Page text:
Does exercise blunt your immune system?
This depends on the intensity of your exercise. Workouts can actually enhance your ability to fight infection by increasing your antibody and natural killer cell response. Typically, this applies to short-term (20 to 30 minutes) of exercise at a moderate intensity.
In addition, after a moderate bout of exercise, your immune system's surveillance is enhanced for approximately 2 to 3 hours. This is due to the production of interleukin and interferon, antiviral molecules that stimulate the activity of lymphocytes.
One scientific study explored the effects of moderate exercise on immunity and demonstrated that fitness can reduce the severity of symptoms associated with the common cold. Individuals who were physically active, had a healthy body weight, and consumed a diet rich in fruits and vegetables had 33 percent fewer sick days and less cold symptoms than inactive, overweight, counterparts.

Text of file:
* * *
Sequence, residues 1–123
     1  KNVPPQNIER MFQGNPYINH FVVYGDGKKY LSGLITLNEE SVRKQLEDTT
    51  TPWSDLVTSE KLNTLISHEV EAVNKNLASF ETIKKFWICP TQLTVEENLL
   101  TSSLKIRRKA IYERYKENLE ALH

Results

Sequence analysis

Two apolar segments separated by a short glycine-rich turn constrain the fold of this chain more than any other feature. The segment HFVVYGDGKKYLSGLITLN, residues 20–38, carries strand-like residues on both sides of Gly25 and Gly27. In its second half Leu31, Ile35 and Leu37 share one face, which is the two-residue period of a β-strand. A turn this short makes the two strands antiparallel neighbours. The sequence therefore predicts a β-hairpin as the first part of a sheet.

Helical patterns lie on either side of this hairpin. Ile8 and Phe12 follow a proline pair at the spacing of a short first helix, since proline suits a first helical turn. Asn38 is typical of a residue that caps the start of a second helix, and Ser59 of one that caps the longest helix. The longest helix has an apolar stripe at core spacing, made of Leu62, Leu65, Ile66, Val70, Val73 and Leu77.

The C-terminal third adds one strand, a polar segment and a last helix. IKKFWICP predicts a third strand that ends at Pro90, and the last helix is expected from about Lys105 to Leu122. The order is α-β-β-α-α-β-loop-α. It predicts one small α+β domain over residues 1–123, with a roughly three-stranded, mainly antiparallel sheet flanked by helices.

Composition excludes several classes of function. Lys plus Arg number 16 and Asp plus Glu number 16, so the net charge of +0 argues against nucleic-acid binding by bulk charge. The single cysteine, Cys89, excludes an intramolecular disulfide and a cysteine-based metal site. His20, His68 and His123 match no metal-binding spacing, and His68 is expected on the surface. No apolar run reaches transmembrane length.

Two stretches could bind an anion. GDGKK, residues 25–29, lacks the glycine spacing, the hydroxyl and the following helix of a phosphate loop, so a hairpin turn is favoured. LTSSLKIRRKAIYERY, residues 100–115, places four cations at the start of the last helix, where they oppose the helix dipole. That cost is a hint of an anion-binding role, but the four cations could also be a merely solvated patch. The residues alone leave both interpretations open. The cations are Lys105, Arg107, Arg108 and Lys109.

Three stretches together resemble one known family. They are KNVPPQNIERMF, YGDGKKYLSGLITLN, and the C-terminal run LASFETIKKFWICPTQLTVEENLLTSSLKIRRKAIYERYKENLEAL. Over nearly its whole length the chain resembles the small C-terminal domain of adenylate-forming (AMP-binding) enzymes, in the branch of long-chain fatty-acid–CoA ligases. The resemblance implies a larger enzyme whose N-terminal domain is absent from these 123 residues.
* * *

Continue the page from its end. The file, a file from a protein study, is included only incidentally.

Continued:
Your immune system might be at risk if you take on a higher-intensity routine when sick. Your body relies on carbohydrates for energy during intense workouts. Your body fatigues and reduces intramuscular carbohydrate stores. Your body secretes stress hormones that have a negative effect on immune cell production. After a bout of intense exercise, your immune system may be depressed due to a reduction in lymphocyte production.
As a result, your body may be less efficient to clear pathogens and viruses. This may last between 3 to 72 hours post-exercise.
What about working out in the cold?
There are two prevalent misconceptions about exercising in cold. The first is that working out in the cold increases your risk of getting sick. First, cold weather doesn't make people sick. As mentioned above, when the body is under stress it releases hormones that reduce the efficiency of the immune system.
Prolonged shivering due to poor clothing choices (or wet clothing) and inadequate nutrition (low-carbohydrate content) will result in an increased stress on the body and possibly a higher chance of getting sick.
The second misconception is that exercise in the cold burns more calories. When not dressed appropriately for cold-weather workouts your body will start to shiver, which burns approximately 10 percent more calories per hour than if you dressed properly. The danger associated with this practice outweighs the minimal benefit, burning an extra 50 calories per hour.